Fostering Green, Made-In-Africa Innovations

Frank Rijsberman Director-General, Global Green Growth Institute
(GGGI) speaking in Kigali, at a week-long Africa Green Growth Forum
2018 to discuss how to foster green growth. Courtesy: Emmanuel

By Emmanuel Hitimana
KIGALI, Nov 30 2018 (IPS)

Over 1000 policy makers, experts, investors and financial
specialists from across Africa are gathered this week in Kigali, at
a week-long Africa Green Growth
Forum 2018
to discuss how to foster green, made-in-Africa
innovations to meet the needs of the continent. 

There is no doubt that green growth is a number one priority for
governments but many are mistaken if they believe green growth is
more costly, Frank Rijsberman Director-General, Global Green Growth
Institute (GGGI) told delegates at the high level policy dialogue

Rwanda’s new Bugesera airport, will be the first-ever green
airport in Africa, and the government’s biggest-ever project. It
will have rain water harvesting and cut water use by 50 percent,
and will have enough solar panels to make it zero carbon emission
facility said Rijsberman.

“Did the airport become expensive by adopting these changes?
No. It became cheaper by five million US dollars,” he said.

The over 800 million dollar project is being funded through a
public private partnership, and is one of many green projects the
GGGI is working on with the government of Rwanda. GGGI is also
supporting the implementation of the government’s plan for green
development of six secondary cities as well as eco-friendly tourism
by introducing electric motorbikes or e-motorbikes.

The e-motorbikes will be cheaper than petrol-powered ones
demonstrating that green products do not have to be expensive said
Josh Whale, the Chief Executive Officer of Ampersand, a company
that is building electric vehicles and charging stations in East
Africa. Supported by GGGI, it has introduced e-motorbikes into
Rwanda and has plans for other electric vehicles.

“Assembling all the e-motorcycles in Rwanda will certainly
result in several thousand new jobs and will also green existing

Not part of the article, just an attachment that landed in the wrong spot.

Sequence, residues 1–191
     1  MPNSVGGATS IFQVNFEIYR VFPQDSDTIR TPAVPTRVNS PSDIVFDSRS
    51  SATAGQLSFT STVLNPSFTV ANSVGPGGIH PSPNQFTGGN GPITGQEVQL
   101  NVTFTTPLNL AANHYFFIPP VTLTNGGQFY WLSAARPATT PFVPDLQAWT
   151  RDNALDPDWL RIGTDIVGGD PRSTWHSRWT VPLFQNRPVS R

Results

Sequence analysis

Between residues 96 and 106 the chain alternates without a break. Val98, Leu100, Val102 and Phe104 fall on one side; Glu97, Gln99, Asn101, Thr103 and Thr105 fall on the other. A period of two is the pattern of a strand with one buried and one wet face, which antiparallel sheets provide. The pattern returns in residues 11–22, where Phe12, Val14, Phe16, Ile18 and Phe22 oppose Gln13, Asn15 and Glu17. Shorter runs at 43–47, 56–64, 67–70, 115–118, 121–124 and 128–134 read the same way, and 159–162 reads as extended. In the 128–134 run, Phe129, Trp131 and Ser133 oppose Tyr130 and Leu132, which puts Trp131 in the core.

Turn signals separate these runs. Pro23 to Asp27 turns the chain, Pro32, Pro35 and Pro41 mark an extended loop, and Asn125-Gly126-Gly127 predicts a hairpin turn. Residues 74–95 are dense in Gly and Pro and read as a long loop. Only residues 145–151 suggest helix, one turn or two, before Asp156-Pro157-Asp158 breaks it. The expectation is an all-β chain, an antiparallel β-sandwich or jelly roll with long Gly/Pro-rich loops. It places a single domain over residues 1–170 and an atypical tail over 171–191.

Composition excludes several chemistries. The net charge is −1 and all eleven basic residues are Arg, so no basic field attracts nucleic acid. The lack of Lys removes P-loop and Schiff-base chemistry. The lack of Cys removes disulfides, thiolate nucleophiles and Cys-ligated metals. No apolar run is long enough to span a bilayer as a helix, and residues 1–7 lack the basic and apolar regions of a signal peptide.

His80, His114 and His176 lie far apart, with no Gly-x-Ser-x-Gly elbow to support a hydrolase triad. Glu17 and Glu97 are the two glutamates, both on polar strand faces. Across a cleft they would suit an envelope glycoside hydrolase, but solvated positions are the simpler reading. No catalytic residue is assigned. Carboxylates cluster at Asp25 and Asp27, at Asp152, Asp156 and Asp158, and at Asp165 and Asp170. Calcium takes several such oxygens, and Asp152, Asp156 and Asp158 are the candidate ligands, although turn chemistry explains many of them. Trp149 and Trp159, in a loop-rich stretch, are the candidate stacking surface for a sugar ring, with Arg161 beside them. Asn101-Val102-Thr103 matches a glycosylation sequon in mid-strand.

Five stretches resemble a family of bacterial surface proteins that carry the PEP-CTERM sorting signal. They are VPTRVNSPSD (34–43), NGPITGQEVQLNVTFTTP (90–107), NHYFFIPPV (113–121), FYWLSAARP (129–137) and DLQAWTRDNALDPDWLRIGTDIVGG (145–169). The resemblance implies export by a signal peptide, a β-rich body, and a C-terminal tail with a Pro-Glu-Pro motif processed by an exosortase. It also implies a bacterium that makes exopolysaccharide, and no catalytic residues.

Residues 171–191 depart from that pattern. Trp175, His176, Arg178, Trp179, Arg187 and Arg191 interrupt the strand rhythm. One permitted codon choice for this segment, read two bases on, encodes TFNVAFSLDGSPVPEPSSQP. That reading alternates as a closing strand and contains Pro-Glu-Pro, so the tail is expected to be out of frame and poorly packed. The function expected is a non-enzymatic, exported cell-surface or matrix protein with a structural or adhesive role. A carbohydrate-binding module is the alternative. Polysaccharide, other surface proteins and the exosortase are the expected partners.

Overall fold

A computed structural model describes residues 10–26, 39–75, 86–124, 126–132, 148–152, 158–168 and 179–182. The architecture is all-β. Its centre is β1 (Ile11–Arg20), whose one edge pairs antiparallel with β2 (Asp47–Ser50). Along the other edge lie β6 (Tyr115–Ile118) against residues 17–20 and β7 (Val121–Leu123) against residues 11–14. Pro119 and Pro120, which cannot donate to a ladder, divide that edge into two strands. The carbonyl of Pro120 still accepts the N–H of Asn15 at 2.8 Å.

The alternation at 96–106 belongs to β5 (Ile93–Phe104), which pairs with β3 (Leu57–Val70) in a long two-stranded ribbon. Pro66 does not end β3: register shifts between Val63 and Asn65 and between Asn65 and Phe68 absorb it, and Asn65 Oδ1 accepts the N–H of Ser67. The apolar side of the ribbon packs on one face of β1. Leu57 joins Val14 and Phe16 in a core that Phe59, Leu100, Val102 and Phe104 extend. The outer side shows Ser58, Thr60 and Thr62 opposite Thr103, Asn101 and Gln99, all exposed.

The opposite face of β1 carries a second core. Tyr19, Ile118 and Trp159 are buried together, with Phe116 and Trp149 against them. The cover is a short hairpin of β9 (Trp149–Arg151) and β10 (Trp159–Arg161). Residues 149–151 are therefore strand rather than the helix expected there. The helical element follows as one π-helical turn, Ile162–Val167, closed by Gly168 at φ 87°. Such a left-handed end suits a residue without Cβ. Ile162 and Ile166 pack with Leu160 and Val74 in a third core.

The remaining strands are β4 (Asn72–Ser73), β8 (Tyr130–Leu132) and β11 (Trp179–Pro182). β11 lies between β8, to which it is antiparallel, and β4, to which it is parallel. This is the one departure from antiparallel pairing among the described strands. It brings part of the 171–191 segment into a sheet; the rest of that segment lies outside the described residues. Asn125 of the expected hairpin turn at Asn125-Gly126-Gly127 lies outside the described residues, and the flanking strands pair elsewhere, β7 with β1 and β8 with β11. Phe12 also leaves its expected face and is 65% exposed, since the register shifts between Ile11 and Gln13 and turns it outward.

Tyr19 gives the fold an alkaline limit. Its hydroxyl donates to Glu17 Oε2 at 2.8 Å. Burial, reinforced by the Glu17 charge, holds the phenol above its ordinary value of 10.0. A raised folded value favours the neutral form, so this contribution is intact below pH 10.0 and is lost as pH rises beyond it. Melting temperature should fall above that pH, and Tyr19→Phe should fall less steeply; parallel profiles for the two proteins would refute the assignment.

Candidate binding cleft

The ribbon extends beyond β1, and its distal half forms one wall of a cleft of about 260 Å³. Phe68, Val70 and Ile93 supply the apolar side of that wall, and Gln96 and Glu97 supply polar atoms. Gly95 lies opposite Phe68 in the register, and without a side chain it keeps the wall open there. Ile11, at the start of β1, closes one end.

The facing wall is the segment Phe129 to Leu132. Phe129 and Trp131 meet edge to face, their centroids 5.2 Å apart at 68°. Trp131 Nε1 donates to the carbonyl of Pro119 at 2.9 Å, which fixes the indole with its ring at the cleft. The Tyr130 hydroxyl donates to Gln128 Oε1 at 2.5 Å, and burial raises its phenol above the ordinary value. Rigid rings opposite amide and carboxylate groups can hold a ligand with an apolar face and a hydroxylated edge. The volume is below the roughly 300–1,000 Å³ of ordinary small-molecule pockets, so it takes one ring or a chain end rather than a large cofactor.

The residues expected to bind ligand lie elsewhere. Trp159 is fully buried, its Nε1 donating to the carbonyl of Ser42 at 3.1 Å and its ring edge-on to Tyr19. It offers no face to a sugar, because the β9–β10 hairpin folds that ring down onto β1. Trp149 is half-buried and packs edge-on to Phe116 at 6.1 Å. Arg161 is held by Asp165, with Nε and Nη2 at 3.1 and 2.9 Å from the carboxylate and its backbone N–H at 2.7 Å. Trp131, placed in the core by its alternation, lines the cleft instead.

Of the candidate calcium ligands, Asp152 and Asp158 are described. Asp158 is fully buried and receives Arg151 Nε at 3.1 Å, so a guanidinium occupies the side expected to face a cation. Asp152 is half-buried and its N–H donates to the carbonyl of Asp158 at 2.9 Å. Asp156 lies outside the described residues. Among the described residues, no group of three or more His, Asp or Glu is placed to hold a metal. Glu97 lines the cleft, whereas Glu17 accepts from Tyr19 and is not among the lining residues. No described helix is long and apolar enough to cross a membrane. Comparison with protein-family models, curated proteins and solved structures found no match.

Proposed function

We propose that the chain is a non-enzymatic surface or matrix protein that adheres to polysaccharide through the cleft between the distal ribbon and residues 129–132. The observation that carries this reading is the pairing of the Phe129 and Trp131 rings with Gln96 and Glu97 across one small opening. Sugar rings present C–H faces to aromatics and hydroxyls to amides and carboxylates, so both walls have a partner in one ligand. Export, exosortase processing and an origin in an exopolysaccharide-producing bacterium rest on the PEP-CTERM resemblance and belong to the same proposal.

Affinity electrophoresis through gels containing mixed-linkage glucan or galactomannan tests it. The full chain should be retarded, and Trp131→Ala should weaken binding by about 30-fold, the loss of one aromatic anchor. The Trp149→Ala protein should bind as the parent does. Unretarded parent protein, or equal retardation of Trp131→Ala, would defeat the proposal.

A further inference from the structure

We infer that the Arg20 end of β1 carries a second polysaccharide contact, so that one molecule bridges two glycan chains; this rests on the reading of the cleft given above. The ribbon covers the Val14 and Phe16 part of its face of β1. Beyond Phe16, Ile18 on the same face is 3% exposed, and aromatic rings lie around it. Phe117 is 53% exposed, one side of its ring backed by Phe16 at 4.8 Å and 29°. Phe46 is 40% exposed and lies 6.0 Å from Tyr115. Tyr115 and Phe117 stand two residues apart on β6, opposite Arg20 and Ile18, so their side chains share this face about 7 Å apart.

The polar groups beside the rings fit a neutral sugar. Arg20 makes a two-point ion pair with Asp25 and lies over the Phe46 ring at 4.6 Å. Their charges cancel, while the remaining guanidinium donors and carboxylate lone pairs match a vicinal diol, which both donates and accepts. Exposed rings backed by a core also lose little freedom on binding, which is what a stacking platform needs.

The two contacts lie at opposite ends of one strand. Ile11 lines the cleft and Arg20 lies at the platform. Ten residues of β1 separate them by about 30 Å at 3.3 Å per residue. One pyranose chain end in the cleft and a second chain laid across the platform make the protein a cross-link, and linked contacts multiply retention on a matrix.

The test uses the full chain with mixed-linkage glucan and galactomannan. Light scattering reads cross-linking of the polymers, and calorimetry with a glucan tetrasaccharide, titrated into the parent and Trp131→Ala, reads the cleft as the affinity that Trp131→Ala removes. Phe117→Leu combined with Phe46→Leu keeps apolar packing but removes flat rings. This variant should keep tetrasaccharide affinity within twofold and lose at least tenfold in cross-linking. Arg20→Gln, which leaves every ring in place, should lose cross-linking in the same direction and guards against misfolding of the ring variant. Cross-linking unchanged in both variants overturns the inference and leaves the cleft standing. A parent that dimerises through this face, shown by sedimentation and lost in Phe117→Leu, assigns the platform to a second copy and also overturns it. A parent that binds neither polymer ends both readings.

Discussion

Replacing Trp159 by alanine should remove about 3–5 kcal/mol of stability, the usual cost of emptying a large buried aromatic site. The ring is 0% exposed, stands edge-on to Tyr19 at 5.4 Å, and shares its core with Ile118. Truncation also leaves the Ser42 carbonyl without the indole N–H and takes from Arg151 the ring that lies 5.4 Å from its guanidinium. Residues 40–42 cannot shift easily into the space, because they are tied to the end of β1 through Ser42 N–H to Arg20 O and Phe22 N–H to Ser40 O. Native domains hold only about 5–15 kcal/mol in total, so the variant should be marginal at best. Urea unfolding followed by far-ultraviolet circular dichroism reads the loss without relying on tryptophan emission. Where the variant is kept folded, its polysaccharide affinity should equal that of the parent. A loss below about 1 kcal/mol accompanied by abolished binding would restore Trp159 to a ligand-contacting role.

jobs. So motorcycle and taxis mechanics will become green jobs,”
said Whale.

The Forum is showcasing a number of other green-friendly
initiatives that promote  environmentally sustainable and socially
inclusive economic growth.

There are many opportunities for green entrepreneurship and
private investment in transport, infrastructure and agriculture in
Africa, said Rijsberman.

“Involving the private sector more, helping to drive
innovation, helping to drive entrepreneurship, creating green jobs
has to be a growing part of government green growth strategies,”
he says.

During different panels and sessions there were comments about a
large gap in youth interests in the environment and green
technology and the difficulty accessing funding for innovations
that could bring affordable green technologies to Africa.

Academic training is one of the best investments to be made
right now said Stephen Rodriques, Rwanda’s Country Director at
the United Nations Development Programme (UNDP). “We have to
start preparing the young generation for green jobs,” Rodriques
told delegates. “Many of the industries we have now are based on
what we call the brown economy, where people are doing things and
in ways that are destroying the environment.”

Rodriques also called for investment in innovative green
projects and for stakeholders to improve their understanding and
use of finance as a tool for climate resilience.

A common issue is quality projects in need of financing while
financial institutions say they have the money for quality projects
but can’t find them said Pablo Vieira, Global Director at
NDC Partnership. This is
a coalition of countries and institutions dedicated to
strengthening collaboration among nations to help implement
countries’ Nationally Determined Contributions (NDCs) to reduce
carbon emissions under the Paris Agreement.

“We work in 36 countries right now with governments saying
they have many projects ready for financing but find it hard to get
finance,” said Vieira. Meanwhile financial institutions are
looking to finance quality projects.

Acknowledging that governments afford to support all projects,
Vieira calls for a new system to help entrepreneurs build quality
projects. He also appealed to financial institutions to change
their “business as usual” approach for the way environmental
funds are delivered.

The forum started on Monday 26 November and is set to close on
Friday November 30.

The post
Fostering Green, Made-In-Africa Innovations
appeared first on
Inter Press Service.

Source: FS – All – Ecology – News
Fostering Green, Made-In-Africa Innovations